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PROJECT - THE INFINATE CREATION
Education is the most powerful tool when used to make the world a better place. It does not just happen in schools, but in all aspects of life. The Sikh Astronomical Society know the importance of broadening the minds of the next generation by bridging their faith with the observable, and sometimes non-observable universe.
We have partnered with Mata Sahib Kaur Educational Trust and Nihal Nihal Nihal Productions to create an amazing series of 10 books aimed at educating children across the globe about the reality of the Gurbani within the scientific spectrum. With our first book focusing on Cosmology and Gurbani helping the reader to understand the beautiful connection between the two.
All members of the Sikh Astronomical Society are volunteers, and we now need the help of our amazing community to help drive this global project. If you would like to help us spread this message to the upcoming generation by showing them how Gurbani explains the wonders of the universe, please support us.
All funds raised go directly towards the project and will enable us to undergo a worldwide book publishing campaign for at least the next 5 years to bring this 10-book series to life. Your contribution will help us with the creative, publishing, printing and distribution costs.
It is up to us to educate our children about Sikhi and there is no better way, in our humble opinion, to do so than by building the foundations when they are at their most inquisitive, interested and engaged.
Our aim is to create an amazing series of 10 books aimed at educating children across the globe about the reality of the Gurbani within the scientific spectrum. Through this series we want to educate and empower people with the knowledge of Gurbani and the Solar System so they can see the beautiful connection between the two. We aim to release our first book by May 2022 and the 10 books will follow over the course of the 5 years
Latest in Astronomy
Articles written by those who love the creators creations.
Our Recent Appearance on the Akaal Channel can be viewed by clicking the link below
2020 marks the formal start of the Sikh Astronomical Society - Dr Jatinder Singh Jheeta
30 November 2020
2020 marks the formal start of the Sikh Astronomical Society. Since Guru Nanak Dev ji, our first divine light, bestowed upon us the wonders of Waheguru, Sikhs throughout the world have been in awe of His creation. Our Guru’s literally bring the light (ru) from darkness (gu), and from within our prayers revealed by His word, to looking up at the skies from dusk to dawn, we bear witness to His greatness.
Gagan Meh Thaal, Rav Chand Deepak Baney, Taarka Mandal Janak Moti
The sky is your platter, the sun and moon are the lamps, the stars in the sky are the pearls
2020 also marks 30 years of the anniversary of the Hubble space telescope. The telescope’s science discoveries revolutionised nearly all areas of astronomical research, from planetary science to cosmology, and its countless beautiful pictures are appreciated throughout the world. The ESA/Hubble press release featured various supporting media, Hubblecasts and pictures. The anniversary media can be found for your further information at: https://www.spacetelescope.org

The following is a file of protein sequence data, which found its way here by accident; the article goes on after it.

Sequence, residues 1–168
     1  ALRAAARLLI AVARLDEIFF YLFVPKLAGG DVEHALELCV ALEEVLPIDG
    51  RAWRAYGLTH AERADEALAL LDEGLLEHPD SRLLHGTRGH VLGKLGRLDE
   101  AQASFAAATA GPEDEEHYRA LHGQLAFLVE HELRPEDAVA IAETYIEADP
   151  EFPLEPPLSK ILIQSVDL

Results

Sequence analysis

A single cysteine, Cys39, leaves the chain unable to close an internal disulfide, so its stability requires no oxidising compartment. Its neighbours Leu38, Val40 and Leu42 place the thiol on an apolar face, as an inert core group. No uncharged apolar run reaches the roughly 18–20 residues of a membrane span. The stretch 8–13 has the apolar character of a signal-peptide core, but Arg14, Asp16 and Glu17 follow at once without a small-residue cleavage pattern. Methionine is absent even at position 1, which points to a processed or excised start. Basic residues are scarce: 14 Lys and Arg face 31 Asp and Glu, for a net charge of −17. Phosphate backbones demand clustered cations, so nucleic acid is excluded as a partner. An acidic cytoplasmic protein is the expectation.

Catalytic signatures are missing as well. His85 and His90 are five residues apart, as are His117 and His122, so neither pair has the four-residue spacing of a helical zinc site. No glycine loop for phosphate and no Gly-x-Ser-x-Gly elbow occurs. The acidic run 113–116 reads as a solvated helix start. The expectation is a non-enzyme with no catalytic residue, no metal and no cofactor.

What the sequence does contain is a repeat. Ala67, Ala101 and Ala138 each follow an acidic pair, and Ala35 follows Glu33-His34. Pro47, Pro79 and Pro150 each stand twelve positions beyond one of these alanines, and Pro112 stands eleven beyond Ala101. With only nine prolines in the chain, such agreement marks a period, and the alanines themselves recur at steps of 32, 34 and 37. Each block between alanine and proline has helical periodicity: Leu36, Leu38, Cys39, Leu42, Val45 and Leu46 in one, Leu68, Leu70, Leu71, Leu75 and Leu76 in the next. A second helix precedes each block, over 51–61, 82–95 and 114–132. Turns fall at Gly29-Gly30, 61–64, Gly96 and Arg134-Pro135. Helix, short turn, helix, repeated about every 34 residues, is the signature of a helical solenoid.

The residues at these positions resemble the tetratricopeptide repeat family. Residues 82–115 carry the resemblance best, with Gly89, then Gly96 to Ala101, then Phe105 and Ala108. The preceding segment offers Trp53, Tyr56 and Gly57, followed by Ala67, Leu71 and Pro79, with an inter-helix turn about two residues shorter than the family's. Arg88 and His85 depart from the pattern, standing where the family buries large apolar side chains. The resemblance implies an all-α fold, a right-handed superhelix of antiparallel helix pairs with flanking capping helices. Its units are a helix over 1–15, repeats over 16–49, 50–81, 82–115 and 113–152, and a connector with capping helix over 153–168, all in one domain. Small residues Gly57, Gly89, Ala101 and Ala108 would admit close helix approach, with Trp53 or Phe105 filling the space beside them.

Galaxies, galaxies everywhere - as far as the NASA/ESA Hubble Space Telescope can see. This view of nearly 10,000 galaxies is the deepest visible-light image of the cosmos. Called the Hubble Ultra Deep Field, this galaxy-studded view represents a "deep" core sample of the universe, cutting across billions of light-years. The snapshot includes galaxies of various ages, sizes, shapes, and colours. The smallest, reddest galaxies, about 100, may be among the most distant known, existing when the universe was just 800 million years old. The nearest galaxies - the larger, brighter, well-defined spirals and ellipticals - thrived about 1 billion years ago, when the cosmos was 13 billion years old.
In vibrant contrast to the rich harvest of classic spiral and elliptical galaxies, there is a zoo of oddball galaxies littering the field. Some look like toothpicks; others like links on a bracelet. A few appear to be interacting. These oddball galaxies chronicle a period when the universe was younger and more chaotic. Order and structure were just beginning to emerge. The Ultra Deep Field observations, taken by the Advanced Camera for Surveys, represent a narrow, deep view of the cosmos. Peering into the Ultra Deep Field is like looking through a 2.5 metre-long soda straw. In ground-based photographs, the patch of sky in which the galaxies reside (just one-tenth the diameter of the full Moon) is largely empty. Located in the constellation Fornax, the region is so empty that only a handful of stars within the Milky Way galaxy can be seen in the image. In this image, blue and green correspond to colours that can be seen by the human eye, such as hot, young, blue stars and the glow of Sun-like stars in the disks of galaxies. Red represents near-infrared light, which is invisible to the human eye, such as the red glow of dust-enshrouded galaxies. The image required 800 exposures taken over the course of 400 Hubble orbits around Earth. The total amount of exposure time was 11.3 days, taken between Sept. 24, 2003 and Jan. 16, 2004.
There many official publicly accessible dark sky sites in the UK. We will be hosting event across the UK to be accessible to as many people as possible. If you are a keen astronomer and are keen to host or attend a dark sky event near you, please contact us so we can facilitate.
My Introduction to Astronomy - by Sahib Singh - published 30/11/2020
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